Rose-breasted Grosbeak: Large finch, black head, back, bright red breast, and white rump, sides, belly. The wings are black with white patches above and red, white, black below. Long, slightly notched black tail with white patches. Eats seeds, caterpillars, insects, tree flowers, fruits and berries.
Range and Habitat
Rose-breasted Grosbeak: Breeds from northeastern British Columbia, Manitoba, and Nova Scotia to southern Alberta, North Dakota, Oklahoma, and New Jersey, and as far south as northern Georgia; regular visitor on the west coast and winters from central into northern South America. Preferred habitats include moist woodlands, open fields and old, overgrown orchards.
The Rose-breasted Grosbeak will mate with the Black-headed Grosbeak where the population densities of both species are low.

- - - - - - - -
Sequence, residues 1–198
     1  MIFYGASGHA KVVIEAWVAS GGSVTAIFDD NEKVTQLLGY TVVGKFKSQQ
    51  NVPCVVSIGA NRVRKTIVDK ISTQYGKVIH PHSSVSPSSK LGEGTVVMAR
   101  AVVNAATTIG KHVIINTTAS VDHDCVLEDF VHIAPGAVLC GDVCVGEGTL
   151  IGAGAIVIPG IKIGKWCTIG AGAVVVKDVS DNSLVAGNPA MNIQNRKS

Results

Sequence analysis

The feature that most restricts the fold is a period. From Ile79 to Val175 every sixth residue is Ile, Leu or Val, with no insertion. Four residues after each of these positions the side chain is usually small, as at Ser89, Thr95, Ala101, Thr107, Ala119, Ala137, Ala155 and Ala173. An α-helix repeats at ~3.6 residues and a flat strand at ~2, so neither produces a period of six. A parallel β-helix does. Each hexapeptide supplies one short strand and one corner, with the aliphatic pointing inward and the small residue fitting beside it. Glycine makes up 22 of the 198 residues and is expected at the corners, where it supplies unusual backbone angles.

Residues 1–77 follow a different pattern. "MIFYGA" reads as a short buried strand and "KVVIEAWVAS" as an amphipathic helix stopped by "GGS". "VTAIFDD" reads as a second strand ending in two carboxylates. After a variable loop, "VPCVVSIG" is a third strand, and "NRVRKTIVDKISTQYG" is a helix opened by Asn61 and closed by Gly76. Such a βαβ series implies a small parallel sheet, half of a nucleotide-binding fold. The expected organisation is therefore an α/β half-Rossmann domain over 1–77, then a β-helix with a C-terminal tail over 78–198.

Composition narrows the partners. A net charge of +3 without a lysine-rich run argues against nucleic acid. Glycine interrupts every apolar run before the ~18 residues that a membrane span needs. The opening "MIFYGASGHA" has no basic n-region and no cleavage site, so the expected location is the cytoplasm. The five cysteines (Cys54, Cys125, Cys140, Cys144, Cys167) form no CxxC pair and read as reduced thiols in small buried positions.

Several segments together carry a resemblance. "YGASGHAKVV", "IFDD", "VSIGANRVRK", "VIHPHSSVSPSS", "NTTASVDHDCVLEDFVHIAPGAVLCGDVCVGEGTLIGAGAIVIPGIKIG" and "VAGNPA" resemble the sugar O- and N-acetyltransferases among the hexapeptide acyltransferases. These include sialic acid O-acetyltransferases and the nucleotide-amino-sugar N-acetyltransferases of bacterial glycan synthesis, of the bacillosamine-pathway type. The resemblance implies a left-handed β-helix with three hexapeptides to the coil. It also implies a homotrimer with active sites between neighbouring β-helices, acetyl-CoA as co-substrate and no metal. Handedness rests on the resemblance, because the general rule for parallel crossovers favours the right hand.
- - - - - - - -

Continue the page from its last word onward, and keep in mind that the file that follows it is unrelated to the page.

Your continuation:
The name “grosbeak” is from the French word grosbec and means “large beak.”
Unlike most songbird species, the female is known to sing.
A group of grosbeaks are collectively known as a "gross" of grosbeaks.
The Rose-breasted Grosbeak is a member of the cardinal family, and reaches a length of 19 cm in adulthood. Its preferred breeding habitat includes open, deciduous woodlands in Canada and the eastern United States. Northern populations will migrate in winter months to southern Mexico and Central America, including Peru and Venezuela. This species is rarely found in Western Europe as well. These birds forage for food in shrubs and trees, and diets consist of insects, seeds and berries. Some insects are also caught in-flight. The conservation status of the Rose-breasted Grosbeak is currently Least Concern.